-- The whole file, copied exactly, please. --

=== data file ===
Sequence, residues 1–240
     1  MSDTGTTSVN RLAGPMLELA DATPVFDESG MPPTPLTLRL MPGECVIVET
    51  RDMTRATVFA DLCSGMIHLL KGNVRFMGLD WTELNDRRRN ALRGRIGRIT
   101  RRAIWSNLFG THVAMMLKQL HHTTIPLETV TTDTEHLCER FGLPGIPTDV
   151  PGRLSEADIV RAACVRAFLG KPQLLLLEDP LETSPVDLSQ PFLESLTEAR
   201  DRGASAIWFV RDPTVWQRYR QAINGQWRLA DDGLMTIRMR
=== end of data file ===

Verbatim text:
Sequence, residues 1–240
     1  MSDTGTTSVN RLAGPMLELA DATPVFDESG MPPTPLTLRL MPGECVIVET
    51  RDMTRATVFA DLCSGMIHLL KGNVRFMGLD WTELNDRRRN ALRGRIGRIT
   101  RRAIWSNLFG THVAMMLKQL HHTTIPLETV TTDTEHLCER FGLPGIPTDV
   151  PGRLSEADIV RAACVRAFLG KPQLLLLEDP LETSPVDLSQ PFLESLTEAR
   201  DRGASAIWFV RDPTVWQRYR QAINGQWRLA DDGLMTIRMR